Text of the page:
Blackpool have announced Simon Sadler as the new owner of the League One club following English Football League approval.
Receivers have run the club since February after ex-owner Owen Oyston’s 31-year reign ended in the High Court.
Sadler, who was born and raised in Blackpool, has worked in asset management in Hong Kong since 2007.
In addition to purchasing 96.2% of the club, Sadler takes control of the Seasiders’ stadium and adjoining hotel.
The deal, in which Sadler is acting in an individual and personal capacity and not through a third-party company, also includes the club’s training ground.
“By providing financial stability and investment over time, my intention is for the club to achieve its full potential. I will ensure that the club is managed with the interests of all stakeholders in mind,” Sadler said in a statement on the club’s website.
“I would like to thank the joint receivers and the current board, management and staff for having chaperoned the club during this time of transition.
“I would also like to thank the fans and the wider community for re-engaging with the club after a lengthy period of turmoil.”
Meanwhile, executive chairman Michael Bolingbroke, managing director Ben Hatton and non-executive director Ian Currie will continue in their roles at the club “for the next few months”.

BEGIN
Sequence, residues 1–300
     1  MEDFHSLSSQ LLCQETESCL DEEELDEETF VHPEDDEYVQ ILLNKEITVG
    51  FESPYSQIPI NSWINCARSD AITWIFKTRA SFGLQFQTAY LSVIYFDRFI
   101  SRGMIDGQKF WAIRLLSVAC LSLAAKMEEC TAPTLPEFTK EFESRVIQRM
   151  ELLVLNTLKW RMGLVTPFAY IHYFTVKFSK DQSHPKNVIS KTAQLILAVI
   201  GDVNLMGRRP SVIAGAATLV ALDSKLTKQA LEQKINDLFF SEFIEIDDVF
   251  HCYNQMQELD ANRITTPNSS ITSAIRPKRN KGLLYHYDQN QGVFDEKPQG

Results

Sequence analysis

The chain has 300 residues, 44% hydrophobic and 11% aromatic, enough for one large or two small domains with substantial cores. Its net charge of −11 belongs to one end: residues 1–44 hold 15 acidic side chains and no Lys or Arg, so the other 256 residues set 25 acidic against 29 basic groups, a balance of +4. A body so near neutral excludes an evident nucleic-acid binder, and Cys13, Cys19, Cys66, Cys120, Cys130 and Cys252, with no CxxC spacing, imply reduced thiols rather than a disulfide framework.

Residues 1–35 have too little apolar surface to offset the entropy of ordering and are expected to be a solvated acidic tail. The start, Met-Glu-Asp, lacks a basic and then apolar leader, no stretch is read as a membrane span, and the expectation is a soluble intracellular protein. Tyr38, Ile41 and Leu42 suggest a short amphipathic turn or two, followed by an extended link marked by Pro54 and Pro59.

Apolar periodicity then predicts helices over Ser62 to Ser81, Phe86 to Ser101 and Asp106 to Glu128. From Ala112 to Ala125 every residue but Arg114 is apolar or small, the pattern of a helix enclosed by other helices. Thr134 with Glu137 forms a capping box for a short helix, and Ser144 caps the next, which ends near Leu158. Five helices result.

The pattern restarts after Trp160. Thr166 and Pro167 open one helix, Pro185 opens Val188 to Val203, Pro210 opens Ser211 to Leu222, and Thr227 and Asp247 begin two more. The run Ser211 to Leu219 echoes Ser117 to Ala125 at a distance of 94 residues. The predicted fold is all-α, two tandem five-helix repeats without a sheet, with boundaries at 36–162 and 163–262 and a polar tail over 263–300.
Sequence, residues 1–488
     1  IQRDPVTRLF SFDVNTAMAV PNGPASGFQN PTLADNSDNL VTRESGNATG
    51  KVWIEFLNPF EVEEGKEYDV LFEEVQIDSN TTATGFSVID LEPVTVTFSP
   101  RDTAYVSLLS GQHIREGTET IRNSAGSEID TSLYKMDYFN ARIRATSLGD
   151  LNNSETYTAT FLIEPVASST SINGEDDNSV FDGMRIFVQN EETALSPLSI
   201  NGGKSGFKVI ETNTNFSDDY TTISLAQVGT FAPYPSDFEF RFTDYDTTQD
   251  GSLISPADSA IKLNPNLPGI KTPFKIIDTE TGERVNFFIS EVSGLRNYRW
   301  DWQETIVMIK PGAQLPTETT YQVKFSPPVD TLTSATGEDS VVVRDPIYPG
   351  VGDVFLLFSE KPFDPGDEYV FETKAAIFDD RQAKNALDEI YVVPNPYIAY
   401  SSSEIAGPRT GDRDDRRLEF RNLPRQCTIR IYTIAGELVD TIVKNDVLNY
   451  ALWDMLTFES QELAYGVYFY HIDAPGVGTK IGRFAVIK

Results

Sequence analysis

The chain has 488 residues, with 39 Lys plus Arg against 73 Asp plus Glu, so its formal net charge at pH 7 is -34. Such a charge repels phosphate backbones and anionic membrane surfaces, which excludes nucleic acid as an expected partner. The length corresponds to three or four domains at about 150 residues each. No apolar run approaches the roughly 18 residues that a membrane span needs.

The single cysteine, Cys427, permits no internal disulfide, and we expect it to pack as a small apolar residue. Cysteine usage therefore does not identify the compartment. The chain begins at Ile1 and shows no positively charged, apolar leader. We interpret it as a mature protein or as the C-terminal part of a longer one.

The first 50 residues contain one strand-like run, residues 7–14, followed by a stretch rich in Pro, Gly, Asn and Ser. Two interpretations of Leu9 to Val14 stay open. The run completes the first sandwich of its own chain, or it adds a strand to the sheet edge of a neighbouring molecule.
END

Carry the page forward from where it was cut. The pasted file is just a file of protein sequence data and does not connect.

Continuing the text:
A long road to new ownership
The new ownership marks the end of a tumultuous period in Blackpool’s history, which was heightened when ex-director Valeri Belokon successfully sued Oyston and his son Karl, the club’s former chief executive.
Belokon brought legal action after discovering that they had “asset-stripped” the Tangerines by paying themselves huge bonuses and salaries following the club’s season in the Premier League in 2010-11.
Oyston was ordered to buy Belokon out for £31m in November 2017 but the club were eventually put into receivership by the High Court in February as Oyston was forced to pay Belokon the £25m he was still owed.
That ended Oyston’s association with the club, a period during which a large section of supporters boycotted matches and held protests for several years over the family’s running of the Lancashire club.
BBC Radio Lancashire’s Andy Bayes
This is the news that Blackpool fans have been waiting for, not just since going in to receivership in February, but for a number of years.
The relationship between the support base and the former owners was nonexistent with the club falling from the Premier League to League Two in just five years.
Simon Sadler is inheriting a club with potential and a base to build on with the solid work already in place from the current board. It remains to be seen whether the budget handed to manager Terry McPhillips is going to significantly change, but it’s imperative that the players have 21st century training facilities and a pitch fit for purpose to move forward.
It’s probably fair to say that Blackpool might the be party capital of the UK for the coming days.